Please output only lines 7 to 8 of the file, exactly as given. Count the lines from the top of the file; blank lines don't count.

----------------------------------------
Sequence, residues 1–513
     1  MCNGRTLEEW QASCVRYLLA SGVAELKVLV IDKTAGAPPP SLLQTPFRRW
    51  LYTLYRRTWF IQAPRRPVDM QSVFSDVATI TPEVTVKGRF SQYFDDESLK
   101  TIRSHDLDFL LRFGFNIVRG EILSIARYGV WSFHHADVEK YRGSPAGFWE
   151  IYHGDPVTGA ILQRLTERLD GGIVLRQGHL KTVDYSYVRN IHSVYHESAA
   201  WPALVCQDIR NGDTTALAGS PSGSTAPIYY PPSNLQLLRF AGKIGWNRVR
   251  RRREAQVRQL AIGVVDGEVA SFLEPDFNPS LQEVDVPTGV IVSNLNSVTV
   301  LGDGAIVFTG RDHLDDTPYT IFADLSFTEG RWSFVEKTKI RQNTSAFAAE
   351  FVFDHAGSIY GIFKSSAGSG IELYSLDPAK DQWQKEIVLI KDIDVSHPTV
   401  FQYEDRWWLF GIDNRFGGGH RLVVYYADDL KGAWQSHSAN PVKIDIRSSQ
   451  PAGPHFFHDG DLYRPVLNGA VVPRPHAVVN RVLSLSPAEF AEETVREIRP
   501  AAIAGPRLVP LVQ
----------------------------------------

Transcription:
   251  RRREAQVRQL AIGVVDGEVA SFLEPDFNPS LQEVDVPTGV IVSNLNSVTV
   301  LGDGAIVFTG RDHLDDTPYT IFADLSFTEG RWSFVEKTKI RQNTSAFAAE